Before Cary Grant became an icon of screwball comedy, he starred in this different and influential entry within the screwball genre, Topper. It was 1937, one year before his brilliant, hilarious turns in Bringing Up Baby (the gold standard to which all romantic comedies should genuflect) and Holiday (one of film's most romantically life-affirming comedies) both opposite Katharine Hepburn.
In Topper he wasn't the full-fledged star yet (receiving second billing to Constance Bennett) but stole the show with his devil-may-care unflappability. Only Grant (and the less-talked about Bennett) could pull off a couple who aren't terribly concerned that they die and become ghosts within the first 20 minutes of the film. Instead, the party-going duo decide a good deed's in store—perhaps then they'll enter the Pearly Gates. In the depression riddled 1930's, that meant un-stuffing a stuffed shirt. Life's tough enough already, why not have some fun?
Even though fun is exactly how they crashed they're car in the first place. Playing the fun loving and tres glamorous rich couple, George and Marion Kerby, the film opens with the famous shot of George driving his car with his feet. Dancing till dawn at clubs that range from chic deco to Hawaiian theme (complete with slide entry) to a closed Italian restaurant with jivey piano player, the couple's life is one glimmering, elegantly drunk distraction.
This lifestyle differs wildly from that of Cosmo Topper (Roland Young), an unhappy, forcibly uptight middle-aged banker who's wife (Billie Burke—Glenda the Good Witch from The Wizard of Oz) plans his every move. How long his shower, when to dress, what time to eat his morning egg, how to run to a train—nothing he does is beyond scrutiny.
Droll Topper is president of the bank where George works. George, who's slept only a few moments in his car before lumbering to the job, sits at a board meeting distracted with questions like: "It can't be done…. Writing your name upside down and backwards without stopping." Meanwhile, Marion saunters into the bank in last- night's gown (a shimmering, slinky silver number) to prod at Topper. For the idle rich, what else can she do but toy with a seemingly helpless old square?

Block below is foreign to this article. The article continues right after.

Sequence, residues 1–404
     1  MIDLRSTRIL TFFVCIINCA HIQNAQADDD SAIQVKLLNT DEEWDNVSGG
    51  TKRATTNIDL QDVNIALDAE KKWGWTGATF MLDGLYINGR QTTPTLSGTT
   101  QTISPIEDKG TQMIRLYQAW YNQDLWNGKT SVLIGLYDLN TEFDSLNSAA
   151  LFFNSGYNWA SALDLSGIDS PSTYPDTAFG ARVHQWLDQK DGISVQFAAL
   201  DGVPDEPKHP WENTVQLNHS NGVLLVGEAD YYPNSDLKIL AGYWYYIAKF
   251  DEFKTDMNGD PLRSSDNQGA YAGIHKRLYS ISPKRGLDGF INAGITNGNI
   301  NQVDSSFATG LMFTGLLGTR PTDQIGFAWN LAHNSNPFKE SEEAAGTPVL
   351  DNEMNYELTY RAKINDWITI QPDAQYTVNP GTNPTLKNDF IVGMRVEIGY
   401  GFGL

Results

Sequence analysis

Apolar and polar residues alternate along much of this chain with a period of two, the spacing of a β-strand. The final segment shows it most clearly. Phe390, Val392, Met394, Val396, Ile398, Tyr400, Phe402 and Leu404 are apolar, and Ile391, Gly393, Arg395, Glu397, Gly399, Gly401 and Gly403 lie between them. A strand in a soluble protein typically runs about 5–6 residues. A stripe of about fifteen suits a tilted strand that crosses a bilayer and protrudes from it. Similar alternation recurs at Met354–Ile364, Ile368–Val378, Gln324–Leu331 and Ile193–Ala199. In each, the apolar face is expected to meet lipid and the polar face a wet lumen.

When The Kerby's die in the car crash and become ghosts they go after Topper. Not to scare him, but to help him. The film then turns into Topper's story of liberation. Amazingly, the effects in Topper hold up beautifully and we see some charming sequences of The Kerby's (in transparent or invisible form) being pesky, but cheery poltergeists. They, at first, make Topper appear wilder, which, in turn makes him more attractive to his friends (hence, shattering the respectable notions his wife's straight-jacketed him) then Topper himself lets go.
Directed by Norman Z. McLeod, the film showcases some cute tricks and a deft comic timing in simply, allowing Grant to do his thing. And though Grant is fantastic, Young is touching and often, physically hilarious as the repressed Topper. Deservedly he received an Academy Award nomination for his performance.
With the success of Topper the studio's decided a sequel was in order, and like many sequels, Topper Returns (1941) is no match for the original. Interestingly, for this DVD, Topper Returns wasn't the first sequel—that would be Topper Takes a Trip (1939) sans Grant but re-teaming Bennett with Young. In the third film, directed by Roy Del Ruth, Young again appears as Topper. This time around its vivacious Gail Richards (Joan Blondell) as the ghost who goads Topper into finding the murderer who stabbed her to death.
This takes us through the creepy Carrington Mansion where Gail's friend Ann Carrington (famous Hollywood starlet suicide causality Carole Landis) is staying along with Mrs. Topper (Burke again) and Topper's chauffeur, played by Eddie "Rochester" Anderson who's left mugging the scared Negro act. Losing the breeziness and classy insouciance of Topper (as well as Grant, who, smartly, bowed out of the ensuing films) little of Topper Returns is charming. Death's not so funny without Cary Grant.
Artisan presents Topper/Topper Returns in Full Screen Standard (1.33:1). The transfer isn't pristine with some grain and a less-than-crisp picture. The black and white of the first film is softer than the second film (which is stylistically correct --Topper Returns looks cheaper). When you look at the Criterion Edition of one of the greatest screwballs, My Man Godfrey, you can see that a better transfer is possible. And Topper deserved one.
The audio comes in English Dolby Digital 2.0 Mono (with your choice of original restored Dolby monaural audio). The sound is markedly improved over VHS versions but some static remains. But this is an old print so, it's an acceptable mix. Again, however, one wishes a little more effort had gone into restoring every aspect of both pictures.
No extras. Just some Topper trivia in the disc's insert. Since this is a relatively inexpensive disc, few extras are expected. But obviously, something would be nice.
Topper is not only worth note as a big push for Cary Grant's screwball career, but also the beginning of a rash of wacky ghost/supernatural comedies in the 1940's. The Invisible Woman is an inferior example but Rene Claire's I Married a Witch is a delight. And though Topper's not the best in the screwball genre, its still a charming, entertaining and elegant comedy that every Cary Grant fan should watch. Topper Returns is a disappointment but we've seen worse. At least its not Ghost.
Read More Kim Morgan at her blog Sunset Gun